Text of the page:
On the domestic front, protections for state-legal medical marijuana programs from federal interference are approved by the Senate as part of a broader spending bill, a provision that has been renewed every year since its introduction in 2014. House legislators hoped to extend those protections to all state cannabis programs, including recreational, however, the larger chamber may simply approve the bill as it is to avoid a government shutdown by November 21st.
In California, L.A. City Council President Herb Wesson causes uproar by calling for the city’s latest round of licensing 100 marijuana businesses to be suspended and audited to ensure fairness and transparency. This comes after two applicants were able to get into the online system early, giving them an advantage over all other candidates. Some companies that had already been notified of winning results are threatening to sue if the process is halted, while others, like the California Minority Alliance, are applauding the redo. What do you think? Let us know online at Cannabis Broadcast Station.
In Colorado, random inspections conducted for a research project investigating the shelf-life and packaging of marijuana reveal that cannabis at 20 of 25 Denver dispensaries fail mold and yeast tests. Although specific results weren’t disclosed, such as the microbial levels and cannabis wholesaler names, the dispensaries were ordered to hold or quarantine the contaminated product, which they may then choose to destroy or retest.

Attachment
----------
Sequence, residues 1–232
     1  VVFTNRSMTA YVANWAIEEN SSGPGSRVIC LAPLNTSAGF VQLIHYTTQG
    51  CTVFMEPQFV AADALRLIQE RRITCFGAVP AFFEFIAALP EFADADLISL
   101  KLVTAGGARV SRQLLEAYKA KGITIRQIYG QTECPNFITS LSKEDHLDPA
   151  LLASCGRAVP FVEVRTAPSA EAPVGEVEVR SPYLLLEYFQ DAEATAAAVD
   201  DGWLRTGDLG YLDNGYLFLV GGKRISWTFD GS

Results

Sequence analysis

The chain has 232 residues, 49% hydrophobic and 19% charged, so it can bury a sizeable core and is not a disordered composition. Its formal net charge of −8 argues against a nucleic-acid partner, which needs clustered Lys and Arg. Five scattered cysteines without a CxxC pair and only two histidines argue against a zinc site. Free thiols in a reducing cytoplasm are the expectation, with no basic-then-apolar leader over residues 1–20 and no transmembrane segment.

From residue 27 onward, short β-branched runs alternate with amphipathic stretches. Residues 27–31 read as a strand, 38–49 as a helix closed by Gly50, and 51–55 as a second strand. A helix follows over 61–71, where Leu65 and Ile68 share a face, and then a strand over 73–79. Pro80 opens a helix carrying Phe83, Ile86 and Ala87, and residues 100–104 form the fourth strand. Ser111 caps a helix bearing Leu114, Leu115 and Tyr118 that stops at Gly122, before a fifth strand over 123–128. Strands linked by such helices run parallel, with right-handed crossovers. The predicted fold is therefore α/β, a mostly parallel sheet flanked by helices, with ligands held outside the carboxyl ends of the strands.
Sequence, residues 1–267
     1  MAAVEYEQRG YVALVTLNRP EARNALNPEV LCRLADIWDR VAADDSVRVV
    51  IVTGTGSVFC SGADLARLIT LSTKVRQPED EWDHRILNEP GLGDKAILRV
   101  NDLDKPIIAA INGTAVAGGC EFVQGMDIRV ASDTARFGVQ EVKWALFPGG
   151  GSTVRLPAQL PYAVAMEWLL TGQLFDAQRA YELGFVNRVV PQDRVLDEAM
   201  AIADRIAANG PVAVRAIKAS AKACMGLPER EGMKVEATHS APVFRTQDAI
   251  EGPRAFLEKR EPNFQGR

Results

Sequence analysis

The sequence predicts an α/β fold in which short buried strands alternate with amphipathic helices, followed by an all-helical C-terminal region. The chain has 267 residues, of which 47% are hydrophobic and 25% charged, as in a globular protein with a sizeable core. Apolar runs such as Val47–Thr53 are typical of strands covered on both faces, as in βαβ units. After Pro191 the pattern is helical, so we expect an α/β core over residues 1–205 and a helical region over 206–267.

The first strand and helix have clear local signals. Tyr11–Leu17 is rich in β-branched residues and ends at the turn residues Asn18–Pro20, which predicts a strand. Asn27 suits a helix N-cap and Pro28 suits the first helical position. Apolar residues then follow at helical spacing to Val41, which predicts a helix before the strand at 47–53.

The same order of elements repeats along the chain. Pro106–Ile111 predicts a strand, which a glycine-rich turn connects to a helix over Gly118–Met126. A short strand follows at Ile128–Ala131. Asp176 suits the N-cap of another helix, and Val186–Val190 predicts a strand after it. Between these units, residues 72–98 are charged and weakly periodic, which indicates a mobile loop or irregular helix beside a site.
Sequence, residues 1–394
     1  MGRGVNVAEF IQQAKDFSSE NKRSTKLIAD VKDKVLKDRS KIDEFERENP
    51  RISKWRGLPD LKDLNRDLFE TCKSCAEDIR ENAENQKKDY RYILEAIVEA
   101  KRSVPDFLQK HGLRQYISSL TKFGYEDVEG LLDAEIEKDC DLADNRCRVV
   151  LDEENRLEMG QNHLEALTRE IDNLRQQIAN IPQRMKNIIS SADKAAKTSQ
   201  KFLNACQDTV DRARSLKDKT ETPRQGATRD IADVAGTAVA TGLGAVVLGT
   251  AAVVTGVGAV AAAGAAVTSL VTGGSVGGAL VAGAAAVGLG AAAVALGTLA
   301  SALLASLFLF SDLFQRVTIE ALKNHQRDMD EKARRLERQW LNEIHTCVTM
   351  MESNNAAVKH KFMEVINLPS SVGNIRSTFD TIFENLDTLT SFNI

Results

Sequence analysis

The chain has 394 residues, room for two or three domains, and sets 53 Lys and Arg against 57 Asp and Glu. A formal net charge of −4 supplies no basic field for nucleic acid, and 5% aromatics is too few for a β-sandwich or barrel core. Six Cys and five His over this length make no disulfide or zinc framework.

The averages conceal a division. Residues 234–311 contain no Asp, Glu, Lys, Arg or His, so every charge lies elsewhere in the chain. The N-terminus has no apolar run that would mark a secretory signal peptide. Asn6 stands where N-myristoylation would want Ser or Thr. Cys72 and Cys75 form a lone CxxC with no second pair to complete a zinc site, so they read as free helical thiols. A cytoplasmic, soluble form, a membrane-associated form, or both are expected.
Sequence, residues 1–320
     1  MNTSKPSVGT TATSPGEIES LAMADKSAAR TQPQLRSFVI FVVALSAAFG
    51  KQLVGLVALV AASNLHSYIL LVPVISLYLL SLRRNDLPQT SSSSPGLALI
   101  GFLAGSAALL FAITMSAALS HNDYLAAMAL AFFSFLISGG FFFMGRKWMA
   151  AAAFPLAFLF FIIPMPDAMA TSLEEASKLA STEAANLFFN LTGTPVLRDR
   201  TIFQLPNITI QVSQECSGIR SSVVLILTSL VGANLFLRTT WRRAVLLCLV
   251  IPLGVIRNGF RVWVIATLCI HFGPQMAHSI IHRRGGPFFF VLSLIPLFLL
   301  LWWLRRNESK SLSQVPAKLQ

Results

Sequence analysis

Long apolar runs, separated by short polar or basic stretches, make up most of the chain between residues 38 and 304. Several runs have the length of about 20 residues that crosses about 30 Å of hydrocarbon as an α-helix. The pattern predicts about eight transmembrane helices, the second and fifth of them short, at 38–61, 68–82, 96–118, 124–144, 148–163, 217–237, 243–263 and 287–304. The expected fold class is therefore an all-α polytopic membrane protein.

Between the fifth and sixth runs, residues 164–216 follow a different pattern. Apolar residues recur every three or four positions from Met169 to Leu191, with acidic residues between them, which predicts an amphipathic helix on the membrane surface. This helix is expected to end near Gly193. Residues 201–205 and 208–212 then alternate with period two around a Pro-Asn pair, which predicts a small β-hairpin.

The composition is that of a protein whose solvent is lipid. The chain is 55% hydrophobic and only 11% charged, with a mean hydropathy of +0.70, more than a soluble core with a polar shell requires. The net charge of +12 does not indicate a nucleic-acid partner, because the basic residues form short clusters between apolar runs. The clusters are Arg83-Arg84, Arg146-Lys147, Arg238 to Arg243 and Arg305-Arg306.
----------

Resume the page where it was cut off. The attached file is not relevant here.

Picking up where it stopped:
In Wisconsin, democratic lawmakers David Crowley and Sheila Stubbs introduce a bill that would decriminalize marijuana possession of up to an ounce, which is currently classified as a misdemeanor offense that can result in a thousand dollar fine and up to six months in jail. Democratic Governor Tony Evers has supported similar measures in the past, however, Republicans in the Senate maintain staunch opposition and are expected to block the bill from passing.
In finance, Michigan-based cannabis producer and retailer C3 Industries raises 16.5 million dollars in a private financing round led by Madison Square Park Capital, bringing their total funding to over 25 million so far. The company intends to use the capital to expand their operations in Michigan, Oregon, and Massachusetts, and enter Missouri’s nascent MMJ market.
In Canada, the province of Saskatchewan ditches its 51 adult-use cannabis retail store limit in favor of an open market system, following the lead of Alberta and British Columbia. Recreational cannabis sales have been sluggish in the province, increasing only 13 percent in the past five months, and new retail store openings are expected to provide a significant boost to the market. Regulators will open up the new permit application process in September of 2020.
Overseas, Uruguay authorizes three new companies to grow recreational marijuana for commercial purposes after currently licensed cultivators ICC Labs and Simbiosys fail to keep up with consumer demand. The three winners, two of which are domestic and one U.S.-based company, will join the existing growers to produce up to 10,000 kilograms of cannabis flower per year at a price fixed by the government.
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